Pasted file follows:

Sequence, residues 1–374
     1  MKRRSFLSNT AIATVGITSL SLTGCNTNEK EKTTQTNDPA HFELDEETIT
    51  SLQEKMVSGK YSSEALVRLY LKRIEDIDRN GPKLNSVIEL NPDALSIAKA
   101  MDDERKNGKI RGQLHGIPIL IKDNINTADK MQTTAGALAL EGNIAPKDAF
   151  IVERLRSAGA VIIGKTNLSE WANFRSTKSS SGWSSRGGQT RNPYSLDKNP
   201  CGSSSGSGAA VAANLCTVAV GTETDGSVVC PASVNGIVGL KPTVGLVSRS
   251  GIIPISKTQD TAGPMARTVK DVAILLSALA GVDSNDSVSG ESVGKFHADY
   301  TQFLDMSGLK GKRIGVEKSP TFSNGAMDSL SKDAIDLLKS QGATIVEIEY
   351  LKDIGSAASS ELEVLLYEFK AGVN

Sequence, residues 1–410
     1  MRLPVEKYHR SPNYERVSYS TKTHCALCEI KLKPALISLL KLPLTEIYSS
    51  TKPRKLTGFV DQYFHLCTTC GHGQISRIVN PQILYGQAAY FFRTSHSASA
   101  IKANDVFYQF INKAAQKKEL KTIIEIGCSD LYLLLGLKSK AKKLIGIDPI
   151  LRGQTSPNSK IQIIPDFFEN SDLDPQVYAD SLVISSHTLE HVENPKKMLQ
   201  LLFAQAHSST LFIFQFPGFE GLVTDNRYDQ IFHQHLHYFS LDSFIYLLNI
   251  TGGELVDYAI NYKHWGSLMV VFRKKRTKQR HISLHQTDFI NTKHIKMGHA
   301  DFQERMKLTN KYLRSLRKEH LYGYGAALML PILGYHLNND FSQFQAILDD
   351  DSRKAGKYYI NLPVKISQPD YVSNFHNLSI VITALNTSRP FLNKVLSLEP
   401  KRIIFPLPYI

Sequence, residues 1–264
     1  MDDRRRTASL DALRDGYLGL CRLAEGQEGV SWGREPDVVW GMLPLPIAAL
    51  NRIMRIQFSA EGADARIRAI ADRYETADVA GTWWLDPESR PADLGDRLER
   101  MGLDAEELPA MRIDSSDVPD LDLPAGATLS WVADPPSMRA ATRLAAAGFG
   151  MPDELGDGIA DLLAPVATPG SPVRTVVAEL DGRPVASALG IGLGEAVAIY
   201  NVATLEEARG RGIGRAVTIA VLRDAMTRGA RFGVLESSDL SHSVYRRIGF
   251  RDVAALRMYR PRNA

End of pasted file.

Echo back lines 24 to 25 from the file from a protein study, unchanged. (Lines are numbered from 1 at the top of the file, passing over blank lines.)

   151  MPDELGDGIA DLLAPVATPG SPVRTVVAEL DGRPVASALG IGLGEAVAIY
   201  NVATLEEARG RGIGRAVTIA VLRDAMTRGA RFGVLESSDL SHSVYRRIGF